Giving himself yet another pat on the shoulder, President Ma Ying-jeou (馬英九) again touted his cross-strait policy in a recent interview with the Washington Post, crediting himself and his administration with ameliorating cross-strait tensions and broadening Taiwan’s international visibility.
“Better cross-strait relations have strengthened, rather than weakened Taiwan’s international standing,” Ma was quoted as saying, as he stressed that it was under his administration that Taiwan won “observer status” at the World Health Assembly (WHA) and was allowed to attend this year’s International Civil Aviation Organization assembly as a “special guest.”
Indeed, no one in Taiwan is opposed to better cross-strait relations, because improvements should increase dialogue and understanding about democracy and replace confrontation with peace. However, a number of people have had their doubts about Ma’s claims, with many wondering how he could manage not to choke on his words as he blatantly omitted the facts about the second half of his statement.
The truth is that Ma has a long-standing problem of speaking only half-truths, creating false impressions of great achievements to make Taiwanese beam with pride.
While Taiwan might, as Ma proudly pointed out, under his watch have gained a WHA observership for the first time in 38 years, what he failed to acknowledge was that Taiwan’s observership was conditional on it being regarded as a province of China — an arrangement between the WHO and Beijing, according to a leaked memo.
How could Ma bill his cross-strait policy as having “strengthened Taiwan’s international standing” when the truth is that his administration has reinforced an impression in the international community that Taiwan is part of China? Not to mention that what Ma trumpets as his diplomatic achievement is actually more a victory for Beijing.
The latest survey by Taiwan Indicators Survey Research suggests that most people support increased bilateral exchanges, including visits of officials of the Mainland Affairs Council and China’s Taiwan Affairs Office and the establishment of representative offices in each other’s territory. While the government under Ma is working to “improve cross-strait relations” as Ma stated, it is a different matter if the so-called improved relations with China are achieved at the expense of Taiwan’s sovereignty and national dignity.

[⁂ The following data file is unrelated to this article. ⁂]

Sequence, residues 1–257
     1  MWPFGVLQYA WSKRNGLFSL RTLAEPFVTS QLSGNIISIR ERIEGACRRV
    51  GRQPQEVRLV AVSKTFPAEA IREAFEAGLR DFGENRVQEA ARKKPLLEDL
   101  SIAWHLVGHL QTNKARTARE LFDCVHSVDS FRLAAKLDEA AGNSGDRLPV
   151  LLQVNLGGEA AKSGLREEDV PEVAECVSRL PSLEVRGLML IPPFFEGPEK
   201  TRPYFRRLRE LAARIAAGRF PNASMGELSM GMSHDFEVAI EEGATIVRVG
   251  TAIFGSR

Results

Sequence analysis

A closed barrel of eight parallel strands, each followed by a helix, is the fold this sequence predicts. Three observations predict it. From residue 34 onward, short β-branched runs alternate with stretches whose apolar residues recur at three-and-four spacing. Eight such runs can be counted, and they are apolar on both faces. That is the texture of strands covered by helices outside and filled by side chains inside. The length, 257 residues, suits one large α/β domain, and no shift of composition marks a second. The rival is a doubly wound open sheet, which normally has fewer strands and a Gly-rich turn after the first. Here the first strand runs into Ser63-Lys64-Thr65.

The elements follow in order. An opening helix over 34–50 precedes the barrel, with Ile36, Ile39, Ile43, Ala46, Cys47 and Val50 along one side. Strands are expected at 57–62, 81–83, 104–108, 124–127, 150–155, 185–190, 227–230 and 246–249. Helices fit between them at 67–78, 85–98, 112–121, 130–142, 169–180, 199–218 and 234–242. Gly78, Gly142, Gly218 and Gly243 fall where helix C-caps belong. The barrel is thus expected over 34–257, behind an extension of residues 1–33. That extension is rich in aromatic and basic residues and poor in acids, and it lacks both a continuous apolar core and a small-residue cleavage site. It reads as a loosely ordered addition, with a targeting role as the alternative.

In the interview with the Post, Ma showed no desire to change his cross-strait policies despite his sinking approval rate, concluding that “we have made progress in every area ... we have done what needed to be done, and we will keep doing so until the very end.”
As Ma has made no secret of his desire to create a historical legacy, coupled with his recent string of disturbing statements redefining cross-strait relations that appear to be more aligned with that of Beijing, his concluding remarks are cause for concern.
It is hoped that the “we” the president spoke of referred to the collective voice and wishes of the Taiwanese and not that of the Chinese Nationalist Party’s (KMT) partisan interests, or worse still Beijing’s, in its ambition to annex Taiwan by seeking to establish a so-called “common understanding on the principle of ‘one China.’”
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Since the rancorous and histrionic breakup of the planned “blue-white alliance,” polls have shown a massive drop in support for Taiwan People’s Party (TPP) Chairman and presidential candidate Ko Wen-je (柯文哲), whose support rate has dropped to 20 percent. Young people and pan-blue supporters seem to be ditching him. Within a few weeks, Ko has gone from being the most sought after candidate to seeking a comeback. A few months ago, he was the one holding all the cards and calling the shots, with everything in place for a rise to stardom. The Democratic Progressive Party (DPP) was still dealing with doubts
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US think tanks, societies and organizations have recently not been shy or hesitant to get involved in Taiwanese matters; they seem to do so with an apparent purpose. Earlier this month, Simona Grano, a senior fellow on Taiwan at the New York-based Asia Society, penned a lengthy and thorough primer on Taiwan’s elections next month. In her primer, Grano noted that Washington had “reservations” about all four (now three after Terry Gou [郭台銘] dropped out) candidates for the presidency. With these reservations, one senses a clear change and expansion of purpose from the Asia Society. Originally formed in 1956 by John